Stefanie Hodapp, lead vocals of Young Prisms, performs at Noise Pop

I decided to break out of the Mission last night to check out the Noise Pop Festival. At an eclectic show at the Independent, I discovered that less band members can sometimes do more for the music.

Seventeen Evergreen, a local live electronic psychedelic rock duo, was the first to move the crowd – then just trickling into the spacious dance floor usually fragmented by tables. The band started off dark and heavy with deep electronic drumbeats and drones. But they eventually progressed into effervescent pop electronica reminiscent of Boards of Canada.

The stage lighting at the Independent – one of the best in the city – put the audience into a trance, broken when the bands ended on an abrupt note.

By the time the second band, Big Light, took the stage just after 10 p.m, bodies swarmed the venue.

The five-piece band played a set of sappy teenage indie rock n’ roll. I wondered about their target audience, however the 21-plus crowd caught the jive.

Sure, the band fit the psychedelic theme of the lineup, but the jam sessions were too indulgent, too frequent, and not interesting enough to compensate bland music. They just seemed to only serve the pleasure of the band. I didn’t get it. Nevertheless, the set dragged on for what appeared to be the most popular hour of the night.

Next, Young Prisms played a delightfully noisy and robust set for missing a band member. Young Prisms are one of the few bands keeping alive the 1980s sub-genre of alternative rock, shoegaze, that relies heavily on effect pedals for its “wall of sound.” They never fail to simulate nostalgia for youth but in the least melodramatic way. Last night, their dreamy noise pop, distorted bass, and understated female vocals made the world seem big, wondrous and beautiful. If My Bloody Valentine increased its tremolo and tempo and were considered a garage band, they would’ve been called Young Prisms.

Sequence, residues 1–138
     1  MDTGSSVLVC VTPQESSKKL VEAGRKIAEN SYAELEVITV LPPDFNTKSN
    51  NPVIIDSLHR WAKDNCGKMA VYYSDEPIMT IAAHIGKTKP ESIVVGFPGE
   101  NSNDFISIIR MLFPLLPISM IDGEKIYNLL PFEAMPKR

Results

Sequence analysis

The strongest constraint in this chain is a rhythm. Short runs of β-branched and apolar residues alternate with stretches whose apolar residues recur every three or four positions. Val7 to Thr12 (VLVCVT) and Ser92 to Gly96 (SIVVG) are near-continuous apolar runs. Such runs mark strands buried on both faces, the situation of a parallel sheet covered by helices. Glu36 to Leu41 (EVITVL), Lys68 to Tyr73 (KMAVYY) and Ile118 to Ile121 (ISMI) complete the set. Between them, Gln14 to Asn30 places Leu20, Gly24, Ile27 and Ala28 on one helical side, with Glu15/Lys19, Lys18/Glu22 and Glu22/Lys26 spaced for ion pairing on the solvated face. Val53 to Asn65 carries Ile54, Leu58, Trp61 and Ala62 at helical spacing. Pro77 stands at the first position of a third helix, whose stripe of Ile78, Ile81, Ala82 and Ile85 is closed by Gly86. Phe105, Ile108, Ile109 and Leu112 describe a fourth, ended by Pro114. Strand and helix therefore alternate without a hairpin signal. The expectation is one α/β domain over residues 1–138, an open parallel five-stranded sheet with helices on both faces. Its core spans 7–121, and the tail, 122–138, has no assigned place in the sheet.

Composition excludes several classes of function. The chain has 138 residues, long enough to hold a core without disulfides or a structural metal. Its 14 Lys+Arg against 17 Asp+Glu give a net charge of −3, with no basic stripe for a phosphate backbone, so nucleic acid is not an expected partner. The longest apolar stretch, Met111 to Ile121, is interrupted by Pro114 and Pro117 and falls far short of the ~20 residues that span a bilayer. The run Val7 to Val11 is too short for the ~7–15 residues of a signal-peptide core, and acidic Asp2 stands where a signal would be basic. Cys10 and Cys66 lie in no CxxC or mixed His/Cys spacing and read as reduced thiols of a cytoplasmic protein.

The band has come a long way since they first moved to San Francisco in the late 2000s, when the Mission residents started out playing house parties and dives.  Numerous singles later, the band landed gigs at concert halls throughout the country. The band has definitely found its aggressive pop sound.

One full-length album and one international tour later, the band  lost a guitarist, but doesn’t plan to replace him. Live, guitarist Matt Allen accommodated for the absent parts and Gio Batteo backed him with growling bass.

At the end of the set, one-by-one the band left the stage, leaving a trail of feedback for Independent technicians to turn off.

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